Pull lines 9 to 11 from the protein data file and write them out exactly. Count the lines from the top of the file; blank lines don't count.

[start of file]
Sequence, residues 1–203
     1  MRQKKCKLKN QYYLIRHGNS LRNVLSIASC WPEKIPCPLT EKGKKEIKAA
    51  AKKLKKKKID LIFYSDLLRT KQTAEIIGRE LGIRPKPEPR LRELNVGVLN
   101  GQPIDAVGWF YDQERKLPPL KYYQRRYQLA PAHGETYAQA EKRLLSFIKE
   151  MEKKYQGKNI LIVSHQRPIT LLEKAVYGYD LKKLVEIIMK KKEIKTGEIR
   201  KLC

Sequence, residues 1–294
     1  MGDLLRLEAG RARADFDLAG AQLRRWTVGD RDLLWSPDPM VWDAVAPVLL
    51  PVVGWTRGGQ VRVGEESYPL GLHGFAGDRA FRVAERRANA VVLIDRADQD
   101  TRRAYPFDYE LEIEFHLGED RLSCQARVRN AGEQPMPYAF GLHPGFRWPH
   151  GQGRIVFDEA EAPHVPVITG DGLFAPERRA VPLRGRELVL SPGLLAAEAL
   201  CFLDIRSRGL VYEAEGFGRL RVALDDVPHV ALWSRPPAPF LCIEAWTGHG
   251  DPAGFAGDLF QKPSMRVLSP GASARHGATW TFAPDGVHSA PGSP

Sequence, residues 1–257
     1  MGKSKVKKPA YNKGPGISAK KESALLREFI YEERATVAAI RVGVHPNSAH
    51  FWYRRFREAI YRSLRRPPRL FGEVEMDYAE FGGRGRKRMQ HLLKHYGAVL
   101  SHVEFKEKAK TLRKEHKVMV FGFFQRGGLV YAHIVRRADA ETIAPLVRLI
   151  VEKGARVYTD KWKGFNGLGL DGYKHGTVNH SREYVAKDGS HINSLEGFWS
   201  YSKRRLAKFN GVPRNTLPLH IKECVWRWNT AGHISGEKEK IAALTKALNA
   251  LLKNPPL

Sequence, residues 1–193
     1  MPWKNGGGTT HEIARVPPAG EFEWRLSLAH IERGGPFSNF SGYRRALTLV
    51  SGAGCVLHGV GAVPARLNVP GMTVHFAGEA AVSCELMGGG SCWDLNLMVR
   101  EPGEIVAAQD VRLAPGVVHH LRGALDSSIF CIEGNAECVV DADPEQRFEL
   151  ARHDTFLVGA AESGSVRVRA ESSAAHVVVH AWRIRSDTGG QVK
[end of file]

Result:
    51  PVVGWTRGGQ VRVGEESYPL GLHGFAGDRA FRVAERRANA VVLIDRADQD
   101  TRRAYPFDYE LEIEFHLGED RLSCQARVRN AGEQPMPYAF GLHPGFRWPH
   151  GQGRIVFDEA EAPHVPVITG DGLFAPERRA VPLRGRELVL SPGLLAAEAL